The war in the gulf has precipitated another kind of confrontation - between the press and military.
It is a confrontation that besets most democracies when they take up arms and must balance military security vs. the people's right to know.It is a confrontation not peculiar to the current war. Correspondents and the military fussed over censorship and pool arrangements in World War II and Korea. They feuded bitterly in Vietnam - one of the most open wars the press has ever covered - and in Grenada, one of the most closed wars.
It is a tension compounded by the press's suspicion that the military are trying to put the best gloss on a campaign, and the military's suspicion that the press is preoccupied with the hunt for the negatives and mistakes.
But if the confrontation between press and military is long-lasting, it has some brand new wrinkles in the gulf. This is the first war to beam instant coverage into our living rooms.
If the news flashes to us faster, so do the mistaken reports, as when a correspondent passes on rumors that one Scud carried a chemical weapons warhead.
Another problem with instant coverage is that it is available instantly to the enemy. Cable News Network, which has led the television coverage of the war, counts Saddam Hussein a regular viewer in Baghdad. If a network becomes too detailed in its reporting of the war, does it provide the enemy with useful information?
And what about manipulation by the enemy? Iraq has permitted CNN to maintain correspondent Peter Arnett in Baghdad. He sees what the Iraqi government wants him to see. But CNN's value to Iraq is offset by the value it offers to Americans in producing a rare, if censored, inside view of Baghdad.
Another new wrinkle: the size of the press corps in Saudi Arabia. Vietnam, in the early days of the war, was covered by half a dozen full-time American correspondents. In Saudi Arabia, 800 newsmen and women are covering the conflict. Most want to go to "the front." But the front is far across the desert and only the military can get them there. Hence escorted press "pools," and limited access, and a conflict between a military that says it just cannot handle that many correspondents and reporters who say they cannot be sure of the truth unless they can talk to whomever they want.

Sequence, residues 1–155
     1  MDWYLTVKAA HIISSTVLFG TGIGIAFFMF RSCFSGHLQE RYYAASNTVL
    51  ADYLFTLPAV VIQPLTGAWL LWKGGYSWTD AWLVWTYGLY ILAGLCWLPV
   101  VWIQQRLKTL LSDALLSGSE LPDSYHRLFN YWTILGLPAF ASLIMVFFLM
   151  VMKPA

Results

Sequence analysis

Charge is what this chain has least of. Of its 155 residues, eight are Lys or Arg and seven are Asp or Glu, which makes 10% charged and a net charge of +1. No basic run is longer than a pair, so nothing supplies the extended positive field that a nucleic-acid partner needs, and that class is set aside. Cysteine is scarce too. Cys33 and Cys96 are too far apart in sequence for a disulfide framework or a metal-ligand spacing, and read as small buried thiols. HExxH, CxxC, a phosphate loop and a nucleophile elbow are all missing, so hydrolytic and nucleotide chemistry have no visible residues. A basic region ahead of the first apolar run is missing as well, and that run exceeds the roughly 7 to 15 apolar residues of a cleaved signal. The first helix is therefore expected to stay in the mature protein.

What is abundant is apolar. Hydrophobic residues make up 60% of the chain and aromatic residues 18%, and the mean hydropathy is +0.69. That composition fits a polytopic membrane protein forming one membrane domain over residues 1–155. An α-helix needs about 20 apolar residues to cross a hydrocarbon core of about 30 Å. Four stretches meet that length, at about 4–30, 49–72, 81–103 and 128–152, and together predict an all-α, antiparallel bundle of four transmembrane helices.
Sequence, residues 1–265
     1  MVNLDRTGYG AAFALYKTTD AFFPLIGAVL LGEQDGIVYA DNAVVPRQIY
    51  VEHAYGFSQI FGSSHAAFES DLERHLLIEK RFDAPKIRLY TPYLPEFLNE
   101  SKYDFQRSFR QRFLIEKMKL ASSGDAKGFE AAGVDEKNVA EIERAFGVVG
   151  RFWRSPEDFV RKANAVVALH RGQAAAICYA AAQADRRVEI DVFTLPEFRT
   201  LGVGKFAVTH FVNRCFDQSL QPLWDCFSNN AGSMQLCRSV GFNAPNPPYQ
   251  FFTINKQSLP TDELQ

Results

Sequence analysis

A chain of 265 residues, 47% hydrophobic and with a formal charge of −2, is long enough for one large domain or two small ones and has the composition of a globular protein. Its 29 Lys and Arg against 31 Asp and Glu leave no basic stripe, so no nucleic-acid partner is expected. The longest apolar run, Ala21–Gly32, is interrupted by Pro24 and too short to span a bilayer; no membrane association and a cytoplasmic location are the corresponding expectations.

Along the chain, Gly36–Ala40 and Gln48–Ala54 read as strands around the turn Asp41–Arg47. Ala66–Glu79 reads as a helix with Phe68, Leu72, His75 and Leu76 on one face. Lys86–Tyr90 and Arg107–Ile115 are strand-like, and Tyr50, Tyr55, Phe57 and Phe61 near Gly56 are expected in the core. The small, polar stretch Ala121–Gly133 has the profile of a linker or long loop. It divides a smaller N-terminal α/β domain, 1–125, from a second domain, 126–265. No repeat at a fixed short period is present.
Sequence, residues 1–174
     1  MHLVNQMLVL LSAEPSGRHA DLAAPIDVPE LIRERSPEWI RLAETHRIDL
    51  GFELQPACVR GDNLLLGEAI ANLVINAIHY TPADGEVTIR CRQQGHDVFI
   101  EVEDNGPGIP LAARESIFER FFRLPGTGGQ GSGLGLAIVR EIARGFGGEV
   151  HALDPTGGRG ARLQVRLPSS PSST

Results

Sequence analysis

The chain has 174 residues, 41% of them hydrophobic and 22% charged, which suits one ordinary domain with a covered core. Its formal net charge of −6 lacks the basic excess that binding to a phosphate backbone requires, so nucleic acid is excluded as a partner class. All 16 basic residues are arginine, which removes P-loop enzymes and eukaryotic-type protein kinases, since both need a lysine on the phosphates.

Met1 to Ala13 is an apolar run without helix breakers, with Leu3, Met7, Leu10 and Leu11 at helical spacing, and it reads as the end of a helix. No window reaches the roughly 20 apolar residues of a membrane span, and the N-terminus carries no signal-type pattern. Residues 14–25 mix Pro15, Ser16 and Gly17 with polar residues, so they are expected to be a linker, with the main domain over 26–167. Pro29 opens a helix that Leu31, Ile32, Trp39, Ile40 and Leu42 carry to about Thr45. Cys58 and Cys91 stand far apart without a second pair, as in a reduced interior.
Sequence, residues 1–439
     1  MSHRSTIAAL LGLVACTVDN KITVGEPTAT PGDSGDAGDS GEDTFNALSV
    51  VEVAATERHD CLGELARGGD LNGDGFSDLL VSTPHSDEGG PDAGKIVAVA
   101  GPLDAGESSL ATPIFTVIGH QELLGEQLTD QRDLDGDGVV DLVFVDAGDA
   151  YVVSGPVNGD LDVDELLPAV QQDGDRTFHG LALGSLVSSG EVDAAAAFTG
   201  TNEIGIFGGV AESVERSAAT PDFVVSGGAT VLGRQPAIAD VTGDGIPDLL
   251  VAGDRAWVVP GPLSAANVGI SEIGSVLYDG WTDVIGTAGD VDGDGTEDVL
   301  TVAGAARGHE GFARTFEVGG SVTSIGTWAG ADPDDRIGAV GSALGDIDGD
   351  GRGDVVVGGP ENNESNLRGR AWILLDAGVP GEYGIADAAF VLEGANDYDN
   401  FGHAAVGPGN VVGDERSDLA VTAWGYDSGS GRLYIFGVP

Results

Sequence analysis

Consequently, much of the news of the war is gathered at the official briefings in Saudi Arabia and at the Pentagon and White House in Washington.
It is at these briefings that we come to the crux of the problem. In wartime, reporters and military briefers are engaged in a delicate compromise. On the one hand, it is reasonable for the military to withhold information of value to the enemy. It is improper for them to withhold information simply because it is negative or politically embarrassing. On the other hand, it is acceptable for reporters to press for the fullest account possible of what they are being denied from seeing first-hand. It is unreasonable for them to extract information that could help the enemy, like the disclosure of future tactics and troop movements.
Veteran correspondents give high marks for frankness and fairness to top-flight briefers like Gen. Colin Powell, chairman of the Joint Chiefs of Staff, and Desert Storm commander Gen. Norman Schwarzkopf. But junior military officers assigned to press relations are often uninformed and unenterprising. In all fairness, it must also be said that a green crop of war reporters sometimes ask questions of incredible naivete and inexperience.
The reporters need to learn and to develop more perspective on what is reasonable to report. The military needs to develop much more sophistication in its handling of the press. To some soldiers the press may seem a nuisance in wartime. But the quest for public support of the Bush administration's objectives in the gulf is as important as the military's drive and valor on the battlefield.